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A Waking Nightmare

During his recent stint as a guest columnist for Entertainment Weekly, Stephen King has made little secret of his fondness for “Lost”, the ABC drama that pits the survivors of a plane crash against supernatural forces that are at once thrilling and supremely confounding. This should come as no surprise to fans of King’s stories -- he has always been fascinated by the mysteries of life, the extraordinary phenomena that can’t be explained away with logic or reason, and he has spent his career translating that wonder into tales of the merrily macabre.

Mike Enslin (John Cusack) doesn’t share that wonder. Like King, he is an author who enjoys a good scare, but there the similarities end. A self-confessed nihilist, Mike has lost his passion for pretty much everything, save for his job. He seeks out haunted houses and the ghosts who are said to inhabit them, recounting his experiences in a series of hokey travel guides. Even then, he remains the consummate skeptic -- he yearns for proof of the paranormal, but he can’t bring himself to believe.

Like many of the disbelievers who wander faithlessly through King’s novels, Mike is due for a harsh comeuppance. Lurking behind the door of room 1408 at New York’s Dolphin Hotel is no less than hell itself, and Mike is only too eager for a guided tour. He smugly ignores the warnings of the Dolphin’s seemingly benign manager (Samuel L. Jackson), who informs us that 1408 has already claimed 56 victims, and settles in for a quiet evening. He’s sure that 1408 is a room like any other. He couldn’t be more mistaken.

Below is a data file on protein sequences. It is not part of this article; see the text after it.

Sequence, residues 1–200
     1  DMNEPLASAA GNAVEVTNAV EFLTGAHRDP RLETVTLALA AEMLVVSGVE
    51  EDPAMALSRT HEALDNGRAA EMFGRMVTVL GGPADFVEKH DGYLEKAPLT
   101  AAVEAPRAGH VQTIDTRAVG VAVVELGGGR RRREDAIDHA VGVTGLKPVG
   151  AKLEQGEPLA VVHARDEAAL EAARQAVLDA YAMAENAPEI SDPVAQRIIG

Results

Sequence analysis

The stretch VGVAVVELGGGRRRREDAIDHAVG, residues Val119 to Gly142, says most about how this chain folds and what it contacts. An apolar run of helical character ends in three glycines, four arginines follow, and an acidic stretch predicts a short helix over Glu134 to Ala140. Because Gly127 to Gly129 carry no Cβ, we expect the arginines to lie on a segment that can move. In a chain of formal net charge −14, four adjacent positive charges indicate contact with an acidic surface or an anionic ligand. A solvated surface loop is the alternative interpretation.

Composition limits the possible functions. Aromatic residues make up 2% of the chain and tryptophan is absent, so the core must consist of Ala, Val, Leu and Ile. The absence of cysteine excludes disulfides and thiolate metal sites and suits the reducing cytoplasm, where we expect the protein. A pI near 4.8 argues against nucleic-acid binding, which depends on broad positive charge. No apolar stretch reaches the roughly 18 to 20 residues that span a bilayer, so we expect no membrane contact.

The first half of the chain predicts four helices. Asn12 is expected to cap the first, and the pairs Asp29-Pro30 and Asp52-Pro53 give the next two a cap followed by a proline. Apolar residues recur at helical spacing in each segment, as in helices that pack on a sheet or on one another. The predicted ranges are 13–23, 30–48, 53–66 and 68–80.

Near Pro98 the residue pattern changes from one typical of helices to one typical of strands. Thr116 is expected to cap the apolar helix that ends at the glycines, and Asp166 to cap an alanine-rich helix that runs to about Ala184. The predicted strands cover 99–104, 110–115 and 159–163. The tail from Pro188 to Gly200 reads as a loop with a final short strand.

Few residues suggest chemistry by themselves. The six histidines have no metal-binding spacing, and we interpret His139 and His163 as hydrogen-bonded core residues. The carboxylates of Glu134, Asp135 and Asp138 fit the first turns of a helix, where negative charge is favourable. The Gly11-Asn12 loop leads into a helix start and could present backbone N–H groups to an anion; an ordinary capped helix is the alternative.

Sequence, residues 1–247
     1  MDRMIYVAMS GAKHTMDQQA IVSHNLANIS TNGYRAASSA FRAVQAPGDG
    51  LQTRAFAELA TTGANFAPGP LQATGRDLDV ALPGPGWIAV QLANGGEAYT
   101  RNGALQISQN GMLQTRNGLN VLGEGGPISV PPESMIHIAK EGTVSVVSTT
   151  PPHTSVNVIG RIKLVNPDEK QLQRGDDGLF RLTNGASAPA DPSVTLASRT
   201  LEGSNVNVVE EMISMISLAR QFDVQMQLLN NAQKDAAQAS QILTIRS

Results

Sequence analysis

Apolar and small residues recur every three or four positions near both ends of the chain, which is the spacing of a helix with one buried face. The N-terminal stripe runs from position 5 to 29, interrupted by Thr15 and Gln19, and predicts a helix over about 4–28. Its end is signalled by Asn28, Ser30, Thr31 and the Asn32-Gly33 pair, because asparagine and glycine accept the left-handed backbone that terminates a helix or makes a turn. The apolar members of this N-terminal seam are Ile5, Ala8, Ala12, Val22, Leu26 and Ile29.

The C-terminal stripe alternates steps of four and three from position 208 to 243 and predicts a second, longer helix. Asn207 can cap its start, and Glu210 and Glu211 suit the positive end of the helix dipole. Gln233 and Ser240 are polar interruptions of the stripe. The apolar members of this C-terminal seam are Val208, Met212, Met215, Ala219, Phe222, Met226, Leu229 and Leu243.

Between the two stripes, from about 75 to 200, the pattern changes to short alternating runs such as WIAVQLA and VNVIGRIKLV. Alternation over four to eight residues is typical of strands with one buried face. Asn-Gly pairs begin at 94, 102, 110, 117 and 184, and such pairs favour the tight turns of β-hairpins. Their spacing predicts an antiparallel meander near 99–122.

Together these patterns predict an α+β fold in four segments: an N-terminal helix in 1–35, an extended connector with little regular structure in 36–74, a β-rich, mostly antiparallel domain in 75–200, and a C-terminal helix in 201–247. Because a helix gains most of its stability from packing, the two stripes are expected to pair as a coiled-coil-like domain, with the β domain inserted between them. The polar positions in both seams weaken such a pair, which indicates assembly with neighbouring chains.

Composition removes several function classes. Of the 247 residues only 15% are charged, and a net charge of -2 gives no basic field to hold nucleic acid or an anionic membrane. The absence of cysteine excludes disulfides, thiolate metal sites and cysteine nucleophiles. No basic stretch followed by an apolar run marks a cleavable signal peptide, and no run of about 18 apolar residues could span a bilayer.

Like William Friedkin’s Bug, 1408 relies less on blood and Hostel-style butchery than psychological terror. Has Mike lost his mind? Maybe. He is trapped in a tense, claustrophobic nightmare that threatens to consume him, but he is not without options. As the gleefully diabolical hotel operator explains, he can always opt for “express checkout,” but Mike doesn’t want to be victim number 57.

Cusack spends much of the film on his own, playing against walls, windowsills and air vents. Even the alarm clock seems to have it in for him. Entrusted to a lesser actor, 1408 might have come across as melodramatic or absurd, but Cusack keeps it grounded with a performance that is funny at times, tragic at others. Asked to carry the film on his shoulders, with just a little help from Jackson (on hand in a glorified cameo), he strikes the perfect balance.

Though King’s stories have often crashed and burned on the big screen, 1408 is a superior film, and should become one of the summer’s surprise hits. From the start, it builds to a point of searing tension and then rewards us with a payoff that is cleverly executed and genuinely terrifying. There are slower moments that allow us to breathe, but they merely serve as preludes to the next scare. By the time Mike reaches the end of his rope, trapped in a prison that may exist only in his mind, he is frightened and emotionally spent. We know the feeling.

Rating: 4 out of 5 stars